The monophyly of the family Callichthyidae is supported by several derived features, some of which are described above. The two subfamilies, Callichthyinae Hoedeman (1952) and Corydoradinae Hoedeman (1952), are each supported by several synapomorphies. The subfamily Corydoradinae presents Aspidoras as the sister group to a clade formed by Corydoras and Brochis. Both Aspidoras and Brochis are supported by a number of synapomorphies, but no one single derived feature was found to be shared by the species of Corydoras. The fact that no synapomorphies were found to diagnose Corydoras, as traditionally defined (Gosline, 1940), suggests that this genus is paraphyletic. The paraphyletic nature of Corydoras, however, is a consequence of recognizing Brochis as a separate genus, and additional phylogenetic work in this clade is necessary before a revision of Corydoras can be made. In the subfamily Callichthyinae some taxonomic and nomenclatural changes have already been made. It was found that Hoplosternum was also a paraphyletic assemblage. Two new genera were erected to keep each clade monophyletic. Hoplosternum in the "sensu stricto" is the sister group of Dianema. Two other species formerly assigned to Hoplosternum, the Hoplosternum thoracatum Group, represent the sister taxon to the above clade, and were transferred to the genus Megalechis. Four other species composing the Hoplosternum pectorale Group, are the sister taxon to the above clade, and were transferred to the genus, Lepthoplosternum. Callichthys, with only one currently recognized species, C. callichthys, is the most basal member of the callichthyines. The controversial genera Cascadura Ellis, 1913 and Cataphractops Fowler, 1915 were found to be synonyms of Hoplosternum.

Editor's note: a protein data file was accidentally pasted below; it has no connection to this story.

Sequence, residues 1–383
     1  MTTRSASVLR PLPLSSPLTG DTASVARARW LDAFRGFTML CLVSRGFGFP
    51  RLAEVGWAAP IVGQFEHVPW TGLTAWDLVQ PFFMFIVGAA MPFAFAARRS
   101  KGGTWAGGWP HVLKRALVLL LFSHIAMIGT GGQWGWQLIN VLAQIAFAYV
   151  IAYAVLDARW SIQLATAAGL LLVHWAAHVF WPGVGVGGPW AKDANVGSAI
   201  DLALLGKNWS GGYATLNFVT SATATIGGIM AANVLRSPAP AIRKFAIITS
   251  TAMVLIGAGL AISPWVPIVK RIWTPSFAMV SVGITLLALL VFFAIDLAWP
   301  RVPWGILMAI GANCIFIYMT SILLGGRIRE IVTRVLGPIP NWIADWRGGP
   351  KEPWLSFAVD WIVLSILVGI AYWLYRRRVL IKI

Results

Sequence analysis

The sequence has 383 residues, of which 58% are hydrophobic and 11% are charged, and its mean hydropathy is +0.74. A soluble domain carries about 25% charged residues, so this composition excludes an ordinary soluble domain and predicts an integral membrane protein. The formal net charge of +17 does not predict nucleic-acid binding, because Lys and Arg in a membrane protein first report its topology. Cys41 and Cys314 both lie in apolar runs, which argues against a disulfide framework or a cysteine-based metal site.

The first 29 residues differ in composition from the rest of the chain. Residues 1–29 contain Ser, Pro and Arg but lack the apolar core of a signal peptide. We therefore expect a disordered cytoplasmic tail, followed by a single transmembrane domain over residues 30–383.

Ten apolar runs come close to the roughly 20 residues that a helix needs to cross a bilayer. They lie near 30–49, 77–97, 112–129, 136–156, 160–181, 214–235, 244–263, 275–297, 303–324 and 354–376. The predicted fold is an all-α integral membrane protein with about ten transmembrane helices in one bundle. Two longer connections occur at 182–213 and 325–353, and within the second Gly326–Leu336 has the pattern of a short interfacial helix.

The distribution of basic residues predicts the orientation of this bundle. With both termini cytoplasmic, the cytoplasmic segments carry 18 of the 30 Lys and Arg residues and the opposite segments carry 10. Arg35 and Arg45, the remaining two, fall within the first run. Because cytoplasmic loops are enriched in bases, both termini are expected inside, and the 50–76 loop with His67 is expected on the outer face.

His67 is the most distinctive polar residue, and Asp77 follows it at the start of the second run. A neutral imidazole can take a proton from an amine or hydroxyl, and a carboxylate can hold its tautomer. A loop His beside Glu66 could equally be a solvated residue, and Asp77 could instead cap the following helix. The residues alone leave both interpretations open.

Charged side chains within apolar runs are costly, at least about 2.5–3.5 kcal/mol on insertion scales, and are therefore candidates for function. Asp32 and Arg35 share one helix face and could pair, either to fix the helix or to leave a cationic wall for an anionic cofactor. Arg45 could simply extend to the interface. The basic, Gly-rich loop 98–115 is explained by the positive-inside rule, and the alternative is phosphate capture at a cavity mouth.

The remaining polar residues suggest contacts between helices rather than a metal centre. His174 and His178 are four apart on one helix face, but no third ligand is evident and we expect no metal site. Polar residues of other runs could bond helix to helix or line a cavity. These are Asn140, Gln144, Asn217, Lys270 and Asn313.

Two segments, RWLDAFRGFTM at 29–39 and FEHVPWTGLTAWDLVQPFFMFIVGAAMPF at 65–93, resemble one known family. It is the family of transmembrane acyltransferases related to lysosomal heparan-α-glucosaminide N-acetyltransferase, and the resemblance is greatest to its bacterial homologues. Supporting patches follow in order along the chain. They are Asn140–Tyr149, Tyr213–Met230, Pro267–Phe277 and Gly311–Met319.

The Neotropical family Callichthyidae is found in most South American river drainages (Paraná-Paraguay, São Francisco, Atlantic Coastal basins in Brazil, Amazonas, Orinoco, Maracaibo, Magdalena), as well as in a few rivers in Panama, as shown in red in the figure below. They present highest diversity in the headwaters of the Amazonas drainage and those rivers draining the Guianan shield.
For all callichthyid pages.
Burgess, W.E. 1987. Corydoras and related catfishes - a completeintroduction. T.F.H. Publications, Neptune City, 128p.
Burgess, W.E. 1989. An atlas of freshwater and marine catfishes.A preliminary survey of the Siluriformes. T.F.H. Publications,Neptune City, 784p.
Gee, J.H. 1976. Buoyancy and aerial respiration: factors influencing theevolution of reduced swim-bladder volume of some Central American catfishes (Trichomycteridae, Callichthyidae, Loricariidae, Astroblepidae).Canadian J. Zool., 54(7):1030-1037.
Gee, J.H. & J.B. Graham, 1978. Respiratory and hydrostatic functions of the intestine of the catfishes Hoplosternum thoracatum and Brochis splendens (Callichthyidae). Journal of Experimental Biology, 74:1-16.